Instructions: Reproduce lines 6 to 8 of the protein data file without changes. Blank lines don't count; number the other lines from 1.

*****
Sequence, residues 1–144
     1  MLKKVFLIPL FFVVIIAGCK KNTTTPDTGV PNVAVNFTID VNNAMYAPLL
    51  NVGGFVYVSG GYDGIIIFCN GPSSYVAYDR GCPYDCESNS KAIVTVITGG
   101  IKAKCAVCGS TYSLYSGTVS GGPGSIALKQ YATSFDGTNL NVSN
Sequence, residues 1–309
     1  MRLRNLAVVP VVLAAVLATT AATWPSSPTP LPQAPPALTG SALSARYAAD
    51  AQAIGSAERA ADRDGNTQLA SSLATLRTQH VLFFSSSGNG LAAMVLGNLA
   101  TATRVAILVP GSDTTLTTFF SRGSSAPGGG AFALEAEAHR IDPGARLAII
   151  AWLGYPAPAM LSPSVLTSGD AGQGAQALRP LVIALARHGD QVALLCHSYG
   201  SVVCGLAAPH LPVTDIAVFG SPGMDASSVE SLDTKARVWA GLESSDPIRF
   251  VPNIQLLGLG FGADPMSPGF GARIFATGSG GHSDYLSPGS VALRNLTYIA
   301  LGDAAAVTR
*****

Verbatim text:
     1  MRLRNLAVVP VVLAAVLATT AATWPSSPTP LPQAPPALTG SALSARYAAD
    51  AQAIGSAERA ADRDGNTQLA SSLATLRTQH VLFFSSSGNG LAAMVLGNLA
   101  TATRVAILVP GSDTTLTTFF SRGSSAPGGG AFALEAEAHR IDPGARLAII